Anatomy of a Song # 2

I enjoyed doing our post, “The Anatomy of a Song”, so I am going to do another couple, but tonight a real “Biggy”.  I will take a look at the song that defined and brought the 50’s into Rock and Roll.  This song, more than any other song, would give validity to the “new” music of that era and create the Rock and Roll, that would continue for another 40 years.
Rock around the Clock
by Max C. Freedman and James E Myers (Jimmy De-Knight)

The song was written in 1952 in the 12-bar blues format.  It is widely recognized that Rocket 88 was the first Rock and Roll record, but “Rock around the Clock” really started the Rock and Roll era.

Max Freedman was 60 years old when he wrote the song.  The song was first recorded in 1954 by Sonny Dae and his knights an all white novelty band it was a regional success, but it did not sound at all like the recording that would sweep the world.

The song was given to Bill Haley in wake of the success of “Crazy Man Crazy” and the actual recording was April 12, 1954, Sonny Dae and his Knights recorded it on March 20, 1954.  This is a little controversial;  from what I first read, the “A” side was “Thirteen Women” and the “B” side was “Rock around the Clock“.

Haley first recorded this song on April 12, 1954 at his first session for Decca Records.  Haley went to New York to cut his first Decca session.  The Musicians were: Billy Williamson on steel guitar, Johnny Grande on piano, Joey d’Ambrosia on tenor sax, Danny Cedron on lead guitar and Marsha Lytle on bass.  A session drummer, named billy Gussack played on this recording. Haley recorded the song a few other times, but this recording was the original single.
The recording would reach # 7 on BB, August 1954, but it would be re-released when it was used as the theme song for the Glenn Ford movie (introducing Sidney Portier) Blackboard Jungle and it would reach # 1 July of 1955 and would stay there for 8 consecutive weeks.
Sonny Dae and his Knights / 1954 first recording of Rock around the Clock
This version has sold over 30 Million copies, it is #158 on Rolling Stones top 500 Rock and Roll Songs and it changed the way we danced and listened to music in 1955.
I will add one more song.  When I first heard this song, May 1957, I just had to have it.  I played it until it was almost worn out.  Was a big hit, not really, it cost $25 to make and introduced a 17 year old guitar player name James Burton to the world, with one of the best lick’s ever recorded.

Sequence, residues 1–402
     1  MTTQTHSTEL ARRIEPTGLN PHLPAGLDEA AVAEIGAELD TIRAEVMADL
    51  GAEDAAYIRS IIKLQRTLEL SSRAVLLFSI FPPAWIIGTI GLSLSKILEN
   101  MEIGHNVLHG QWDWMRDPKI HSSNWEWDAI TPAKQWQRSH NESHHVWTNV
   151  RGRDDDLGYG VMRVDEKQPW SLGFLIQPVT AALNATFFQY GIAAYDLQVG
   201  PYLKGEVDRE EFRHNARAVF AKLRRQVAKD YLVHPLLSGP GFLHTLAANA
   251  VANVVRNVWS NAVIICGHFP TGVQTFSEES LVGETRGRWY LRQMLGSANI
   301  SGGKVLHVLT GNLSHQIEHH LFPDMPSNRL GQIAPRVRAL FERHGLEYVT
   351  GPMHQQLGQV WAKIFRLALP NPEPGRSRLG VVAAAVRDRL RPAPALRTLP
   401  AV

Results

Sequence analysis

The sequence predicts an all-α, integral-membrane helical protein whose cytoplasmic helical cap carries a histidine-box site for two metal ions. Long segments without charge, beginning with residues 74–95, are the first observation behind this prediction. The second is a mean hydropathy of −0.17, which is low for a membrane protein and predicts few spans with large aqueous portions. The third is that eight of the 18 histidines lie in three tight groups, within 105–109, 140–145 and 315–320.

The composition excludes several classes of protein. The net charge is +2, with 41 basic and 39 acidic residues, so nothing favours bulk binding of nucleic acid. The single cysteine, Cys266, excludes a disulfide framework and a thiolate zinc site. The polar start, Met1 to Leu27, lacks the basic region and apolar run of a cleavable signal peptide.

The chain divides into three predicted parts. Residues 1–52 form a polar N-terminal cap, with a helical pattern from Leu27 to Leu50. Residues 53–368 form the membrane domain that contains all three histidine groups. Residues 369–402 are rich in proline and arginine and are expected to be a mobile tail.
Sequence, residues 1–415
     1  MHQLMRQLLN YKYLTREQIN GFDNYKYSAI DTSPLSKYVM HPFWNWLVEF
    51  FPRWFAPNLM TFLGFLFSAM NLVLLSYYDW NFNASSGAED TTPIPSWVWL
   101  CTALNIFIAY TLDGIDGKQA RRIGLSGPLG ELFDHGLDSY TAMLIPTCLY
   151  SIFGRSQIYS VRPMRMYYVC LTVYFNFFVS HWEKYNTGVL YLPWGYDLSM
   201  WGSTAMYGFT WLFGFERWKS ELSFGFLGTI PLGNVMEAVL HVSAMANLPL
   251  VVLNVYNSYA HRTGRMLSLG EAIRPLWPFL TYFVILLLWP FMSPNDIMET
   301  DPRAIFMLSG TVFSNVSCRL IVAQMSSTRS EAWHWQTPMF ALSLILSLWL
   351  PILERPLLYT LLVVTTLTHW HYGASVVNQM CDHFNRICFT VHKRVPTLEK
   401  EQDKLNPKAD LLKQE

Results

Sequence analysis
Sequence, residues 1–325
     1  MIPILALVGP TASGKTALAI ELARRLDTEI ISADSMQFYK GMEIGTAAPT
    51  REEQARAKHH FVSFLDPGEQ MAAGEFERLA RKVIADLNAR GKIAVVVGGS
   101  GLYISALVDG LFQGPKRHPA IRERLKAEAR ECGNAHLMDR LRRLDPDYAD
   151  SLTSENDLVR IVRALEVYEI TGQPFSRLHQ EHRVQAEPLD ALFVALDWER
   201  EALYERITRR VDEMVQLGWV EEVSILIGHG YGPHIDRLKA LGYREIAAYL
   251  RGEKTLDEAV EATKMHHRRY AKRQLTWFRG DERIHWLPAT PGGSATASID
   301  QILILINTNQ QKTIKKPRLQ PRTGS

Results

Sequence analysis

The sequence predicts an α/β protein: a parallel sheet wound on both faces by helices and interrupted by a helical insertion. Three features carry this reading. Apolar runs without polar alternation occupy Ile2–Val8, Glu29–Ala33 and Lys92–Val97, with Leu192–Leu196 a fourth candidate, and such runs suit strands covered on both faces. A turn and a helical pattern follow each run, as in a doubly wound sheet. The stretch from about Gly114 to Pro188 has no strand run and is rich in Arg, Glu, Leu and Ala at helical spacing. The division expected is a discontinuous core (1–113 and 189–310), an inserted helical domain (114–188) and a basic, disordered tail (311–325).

Dale Hawkins Louisianna Hay Ride
It was recorded in Shreveport Louisiana at Radio Station KWKH for $25 Dollars.  They had the best Mono tape machine in town and a great engineer Bob Sullivan, but it had to be recorded in the early morning downtime. They had only an hour until they swathed towers.  It took Dale Hawkins (Ronnie Hawkins Cousin) and his band about 3 months to get it all together.
 Dale Hawkins / 1957 live /
The most famous cover version would be by Creedance Clearwater Revival in 1968, # 11 BB and it started a long career for CCR.
John Fogerty from Premonition 1998 with the Rickenbacker /

4 responses to “Anatomy of a Song # 2

  1. When I read the first words of your post I knew you were talking about “Rock Around the Clock.” Of course the synchronous events of Little Richard’s “Tutti Frutti” and Chuck Berry’s “Maybelline” hitting the charts in September, 1955 didn’t hurt! A month later the Comets added a new singer, Elvis Presley, to their tour (Haley suggested he sing fewer ballads) and the revolution was underway.

  2. I aways favoured CCR’s version of Susie Q. It presented a sharp contrast to the earlier “bubble gum, rock around the malt shop” era of rock. It seemed to me that rock was evolving and was taking on a more mature shape.

  3. Hope you’ll keep the ‘anatomy of a song’ posts coming!!

Leave a Reply

Fill in your details below or click an icon to log in: Logo

You are commenting using your account. Log Out /  Change )

Google+ photo

You are commenting using your Google+ account. Log Out /  Change )

Twitter picture

You are commenting using your Twitter account. Log Out /  Change )

Facebook photo

You are commenting using your Facebook account. Log Out /  Change )


Connecting to %s

This site uses Akismet to reduce spam. Learn how your comment data is processed.